Drawing Upside Down

This weekend I began an online version of an art class Drawing from the Right Side of Your Brain.   I have heard accolades about this book and class for years, and I was determined to take the course (even it was in the confines of my own home).  One of the initial homework assignments was to draw a Picasso drawing upside down.  This may sound preposterous to the average person, but there are reason behind these odd instructions.  The instructor noted that many of us tend to use the left of our brain more predominantly, which is more verbal, logical, and sequential.  Yet what drawing and art require of us is to use the right side of our brain, which is the creative and free flowing side.  When we draw for example lips, we draw what we think lips should look like versus what we are actually seeing.  Naming an object actually prohibits our experience of it.  Therefore, to draw an image upside down, we learn to draw what it is front of us versus our perception of what it must be.  This concept reminded me of aspects I have heard authors and speakers Eckhart Tolle and Adyashanti discuss before.  

            Spiritual teacher Adyashanti once shared on an interview with Oprah on her Super Soul Sunday the following quote: “Once you give a bird name. You no longer see the bird. Try to go through life without naming things. That brings the wonder back. You’re living in abstraction. No longer an intimate experience with life. That’s what we crave.  An intimate experience with existence…That’s what attracts us to the innocence of children. They feel the wonder of the world. They know they don’t know. Adults, we think we know. Just because we can call something a tree doesn’t mean we know what it is. Our labels can disconnect us from the intimate experience of existence.”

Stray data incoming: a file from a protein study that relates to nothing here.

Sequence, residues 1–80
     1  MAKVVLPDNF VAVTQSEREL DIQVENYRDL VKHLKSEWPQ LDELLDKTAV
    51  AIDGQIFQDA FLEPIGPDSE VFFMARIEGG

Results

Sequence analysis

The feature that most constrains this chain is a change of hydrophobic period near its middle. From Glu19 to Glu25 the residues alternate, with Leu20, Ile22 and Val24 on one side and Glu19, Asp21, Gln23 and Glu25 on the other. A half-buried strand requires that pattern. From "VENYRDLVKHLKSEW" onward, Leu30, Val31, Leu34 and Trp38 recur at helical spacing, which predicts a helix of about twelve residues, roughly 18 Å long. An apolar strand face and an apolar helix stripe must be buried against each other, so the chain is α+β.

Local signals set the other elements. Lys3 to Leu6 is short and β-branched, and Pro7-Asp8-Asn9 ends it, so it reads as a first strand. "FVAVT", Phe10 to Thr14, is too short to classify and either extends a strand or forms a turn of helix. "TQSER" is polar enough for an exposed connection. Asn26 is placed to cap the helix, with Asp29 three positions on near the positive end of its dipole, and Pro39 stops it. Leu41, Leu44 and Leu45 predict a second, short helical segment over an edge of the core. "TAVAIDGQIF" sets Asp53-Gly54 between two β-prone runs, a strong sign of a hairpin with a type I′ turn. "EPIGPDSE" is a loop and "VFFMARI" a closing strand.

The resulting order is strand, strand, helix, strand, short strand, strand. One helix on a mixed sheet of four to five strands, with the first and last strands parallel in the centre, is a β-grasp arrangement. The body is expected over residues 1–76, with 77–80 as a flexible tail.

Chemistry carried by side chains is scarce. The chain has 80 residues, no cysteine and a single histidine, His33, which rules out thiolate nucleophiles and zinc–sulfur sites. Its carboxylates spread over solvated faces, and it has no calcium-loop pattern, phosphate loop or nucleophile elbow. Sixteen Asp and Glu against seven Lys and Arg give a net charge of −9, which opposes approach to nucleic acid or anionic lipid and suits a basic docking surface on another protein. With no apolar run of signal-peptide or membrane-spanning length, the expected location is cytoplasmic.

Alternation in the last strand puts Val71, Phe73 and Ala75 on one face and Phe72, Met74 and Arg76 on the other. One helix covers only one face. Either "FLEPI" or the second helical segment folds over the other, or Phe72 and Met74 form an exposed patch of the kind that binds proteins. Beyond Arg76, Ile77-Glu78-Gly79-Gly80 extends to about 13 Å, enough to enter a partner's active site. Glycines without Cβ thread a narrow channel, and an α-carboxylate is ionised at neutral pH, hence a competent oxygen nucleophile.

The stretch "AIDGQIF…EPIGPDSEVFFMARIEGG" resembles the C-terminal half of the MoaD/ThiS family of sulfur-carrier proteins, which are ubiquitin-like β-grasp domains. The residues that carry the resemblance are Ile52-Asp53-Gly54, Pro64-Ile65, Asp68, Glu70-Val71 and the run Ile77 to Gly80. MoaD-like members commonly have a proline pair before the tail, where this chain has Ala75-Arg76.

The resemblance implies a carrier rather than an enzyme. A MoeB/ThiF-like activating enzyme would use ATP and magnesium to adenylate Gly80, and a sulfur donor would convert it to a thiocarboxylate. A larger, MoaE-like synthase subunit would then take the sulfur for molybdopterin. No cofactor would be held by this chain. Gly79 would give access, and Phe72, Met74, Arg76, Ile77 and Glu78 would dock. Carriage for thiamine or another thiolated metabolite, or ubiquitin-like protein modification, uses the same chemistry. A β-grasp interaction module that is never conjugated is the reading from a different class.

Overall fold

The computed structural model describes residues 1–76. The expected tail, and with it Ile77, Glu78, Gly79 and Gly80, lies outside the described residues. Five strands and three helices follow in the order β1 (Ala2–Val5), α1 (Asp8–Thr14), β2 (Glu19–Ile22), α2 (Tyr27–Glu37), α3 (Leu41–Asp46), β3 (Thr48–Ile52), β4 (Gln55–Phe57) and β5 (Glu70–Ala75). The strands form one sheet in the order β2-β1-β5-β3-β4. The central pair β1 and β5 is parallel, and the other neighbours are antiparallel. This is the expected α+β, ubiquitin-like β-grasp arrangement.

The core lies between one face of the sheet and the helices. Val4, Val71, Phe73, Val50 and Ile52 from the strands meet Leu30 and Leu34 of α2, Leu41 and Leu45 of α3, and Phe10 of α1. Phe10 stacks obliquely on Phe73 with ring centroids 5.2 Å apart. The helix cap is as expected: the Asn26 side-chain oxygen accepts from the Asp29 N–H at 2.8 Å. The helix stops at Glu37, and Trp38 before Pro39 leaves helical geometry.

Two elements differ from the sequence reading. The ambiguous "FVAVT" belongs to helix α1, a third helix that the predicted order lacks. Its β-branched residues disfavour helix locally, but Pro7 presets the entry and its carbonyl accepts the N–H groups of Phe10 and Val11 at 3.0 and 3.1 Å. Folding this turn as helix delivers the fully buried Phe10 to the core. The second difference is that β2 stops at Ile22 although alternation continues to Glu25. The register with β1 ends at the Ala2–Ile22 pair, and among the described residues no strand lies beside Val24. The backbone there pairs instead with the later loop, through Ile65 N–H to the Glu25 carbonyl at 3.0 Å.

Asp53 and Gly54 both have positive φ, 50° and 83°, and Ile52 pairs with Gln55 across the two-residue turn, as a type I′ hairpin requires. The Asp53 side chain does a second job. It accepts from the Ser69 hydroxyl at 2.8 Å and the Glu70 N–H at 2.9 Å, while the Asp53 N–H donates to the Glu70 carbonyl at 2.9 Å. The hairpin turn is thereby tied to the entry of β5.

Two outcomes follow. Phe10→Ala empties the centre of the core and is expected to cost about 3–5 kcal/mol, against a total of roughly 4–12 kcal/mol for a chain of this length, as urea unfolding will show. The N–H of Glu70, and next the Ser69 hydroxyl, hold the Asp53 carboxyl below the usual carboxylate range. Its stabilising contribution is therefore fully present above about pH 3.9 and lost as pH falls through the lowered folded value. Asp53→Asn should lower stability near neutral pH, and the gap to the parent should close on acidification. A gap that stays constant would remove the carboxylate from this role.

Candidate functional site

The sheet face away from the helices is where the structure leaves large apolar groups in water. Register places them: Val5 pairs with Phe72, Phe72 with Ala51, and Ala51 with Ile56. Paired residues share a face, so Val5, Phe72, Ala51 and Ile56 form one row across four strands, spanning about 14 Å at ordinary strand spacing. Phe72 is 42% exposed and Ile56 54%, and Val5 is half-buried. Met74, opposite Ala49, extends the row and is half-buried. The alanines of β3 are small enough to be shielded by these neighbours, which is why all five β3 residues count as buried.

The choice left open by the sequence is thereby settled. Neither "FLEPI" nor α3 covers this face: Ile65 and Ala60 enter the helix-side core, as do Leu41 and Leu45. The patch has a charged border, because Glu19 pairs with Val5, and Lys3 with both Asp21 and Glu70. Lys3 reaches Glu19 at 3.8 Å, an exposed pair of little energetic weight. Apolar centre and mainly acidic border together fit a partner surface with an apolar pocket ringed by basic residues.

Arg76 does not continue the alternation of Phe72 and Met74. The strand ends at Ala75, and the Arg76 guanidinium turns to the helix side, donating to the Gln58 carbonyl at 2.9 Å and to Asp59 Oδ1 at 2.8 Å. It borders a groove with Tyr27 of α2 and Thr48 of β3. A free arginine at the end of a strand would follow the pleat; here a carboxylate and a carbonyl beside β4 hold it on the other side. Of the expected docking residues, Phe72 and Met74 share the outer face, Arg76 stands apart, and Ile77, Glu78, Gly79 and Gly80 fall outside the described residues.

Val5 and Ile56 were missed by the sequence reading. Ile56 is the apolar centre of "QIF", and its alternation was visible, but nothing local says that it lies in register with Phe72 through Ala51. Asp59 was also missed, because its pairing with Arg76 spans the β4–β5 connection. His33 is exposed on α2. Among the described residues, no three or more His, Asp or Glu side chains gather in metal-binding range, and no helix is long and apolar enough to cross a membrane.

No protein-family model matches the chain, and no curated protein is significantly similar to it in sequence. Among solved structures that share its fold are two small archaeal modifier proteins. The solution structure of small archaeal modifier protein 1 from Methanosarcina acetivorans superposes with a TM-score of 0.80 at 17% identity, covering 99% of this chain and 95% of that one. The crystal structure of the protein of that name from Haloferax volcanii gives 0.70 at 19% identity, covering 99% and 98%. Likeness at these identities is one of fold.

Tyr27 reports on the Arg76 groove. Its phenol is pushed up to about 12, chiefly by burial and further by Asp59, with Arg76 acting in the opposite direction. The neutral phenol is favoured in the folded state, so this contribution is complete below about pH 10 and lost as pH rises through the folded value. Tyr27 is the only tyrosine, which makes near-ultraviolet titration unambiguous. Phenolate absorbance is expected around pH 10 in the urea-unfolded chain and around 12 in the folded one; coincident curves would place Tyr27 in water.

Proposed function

I want to encourage you to reflect on how your naming of an object impacts your relationship to that.  This could be your expectation of what meditation looks like, what a relationship is, love is, one’s purpose, the concept of beauty, and numerous other possibilities.  Our expectations cloud our perceptions.  Try to see something for what it truly is.  Not what the label defines it as.  Maybe even try taking an art class where one draws from the right side of one’s brain. 

For More information on the book and course, check out https://www.drawright.com , Author and Instructor Betty Edwards.

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